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Pawnee Trail being considered
Grant application filed
Fort Larned 5-31 036
A proposed walking-biking trail would improve access to the Fort Larned National Historic Site. - photo by JIM MISUNAS Great Bend Tribune

LARNED — Camp Pawnee and the Fort Larned National Historic Site would improve access for pedestrians and cyclists under a $2.6 million grant application for a proposed Pawnee Valley Community Trail Project.
The 13 miles of eight-foot wide trailed paving would run to Camp Pawnee and the Fort Larned National Historic Site from the west edge of Larned.
The Larned city council gave their approval recently for a grant application of more than $2.6 million for the Pawnee Valley Community Trail Project to the Public Lands Highways Discretionary Program.
An access tunnel would be planned under K-156 in the north side of town.
Estimates by Benesch Engineering calculates the $2.6 million project allows $2 million for 13 miles of trail and $250,000 for the tunnel.
Larned City Manager Don Gaeddert said the city received an inquiry requesting an application. There is a fast-paced process that involves awarding of the project to a contractor by the end of the year. Such work as engineering and easement acquistion must be done.
“It’s a tight time frame, but you always love to get grant funding for such things as engineering design and survey work,” he said.
Gaeddert said that city staff has worked up estimated construction and engineering costs. The city of Larned council voted to provide up to $50,000 of in-kind labor for the project.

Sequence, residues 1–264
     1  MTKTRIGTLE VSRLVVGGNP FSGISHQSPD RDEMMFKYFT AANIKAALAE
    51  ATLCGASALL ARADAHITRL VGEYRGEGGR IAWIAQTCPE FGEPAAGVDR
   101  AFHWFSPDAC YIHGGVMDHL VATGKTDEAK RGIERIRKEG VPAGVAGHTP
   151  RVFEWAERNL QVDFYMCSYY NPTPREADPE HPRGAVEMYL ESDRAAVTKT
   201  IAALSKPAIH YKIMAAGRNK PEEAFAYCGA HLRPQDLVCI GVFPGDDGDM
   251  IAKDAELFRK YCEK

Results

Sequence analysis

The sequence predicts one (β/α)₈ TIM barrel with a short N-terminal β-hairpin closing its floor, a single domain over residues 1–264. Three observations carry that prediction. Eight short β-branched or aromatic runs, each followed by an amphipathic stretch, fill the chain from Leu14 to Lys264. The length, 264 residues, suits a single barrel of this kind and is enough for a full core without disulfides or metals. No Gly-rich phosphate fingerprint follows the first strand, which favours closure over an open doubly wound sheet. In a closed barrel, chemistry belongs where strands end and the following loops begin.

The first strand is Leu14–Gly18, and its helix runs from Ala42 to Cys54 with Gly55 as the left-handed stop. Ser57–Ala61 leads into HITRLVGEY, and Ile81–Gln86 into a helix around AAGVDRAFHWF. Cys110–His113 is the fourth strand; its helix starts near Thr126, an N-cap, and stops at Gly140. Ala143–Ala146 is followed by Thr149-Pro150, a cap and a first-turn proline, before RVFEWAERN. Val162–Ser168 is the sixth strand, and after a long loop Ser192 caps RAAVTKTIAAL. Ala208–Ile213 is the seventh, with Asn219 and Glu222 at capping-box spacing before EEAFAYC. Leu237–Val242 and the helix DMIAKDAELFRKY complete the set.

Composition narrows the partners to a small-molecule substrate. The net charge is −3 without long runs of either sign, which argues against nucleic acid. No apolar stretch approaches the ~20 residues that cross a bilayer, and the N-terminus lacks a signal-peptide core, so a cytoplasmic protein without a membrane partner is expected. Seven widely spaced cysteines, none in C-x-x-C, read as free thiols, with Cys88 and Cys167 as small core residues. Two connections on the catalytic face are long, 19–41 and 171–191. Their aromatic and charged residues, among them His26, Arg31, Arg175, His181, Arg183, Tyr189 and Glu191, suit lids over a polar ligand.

City of Larned officials met in 2010 with Mary Hanson, who works with the Rivers, Trails and Conservation Assistance Program in the National Park Service in Omaha, Neb. Various routes to Fort Larned were considered, some that included the Larned State Hospital and the Santa Fe Trail Center.
If successful, the grant pays 100 percent of the project cost. The transportation improvement plan must provide access to federal land, such as the Fort Larned National Historic Site.
The trail, consisting primarily of a concrete walking path, plans to provide access in connecting the community’s school facilities and parts of the city’s northern section to Camp Pawnee and Fort Larned National Historic Site.
Gaeddert said that the Pawnee Valley Community Trail Project would compete against several other statewide projects seeking funding.
The Public Lands Highways Program was established in 1930 by the Amendment Relative to Construction of Roads through Public Lands and Federal Reservations. The intent of the program is to improve access to and within the nation’s federal lands. The Federal-Aid Highway Act changed the funding from the General Fund to the Highway Trust Fund in 1972.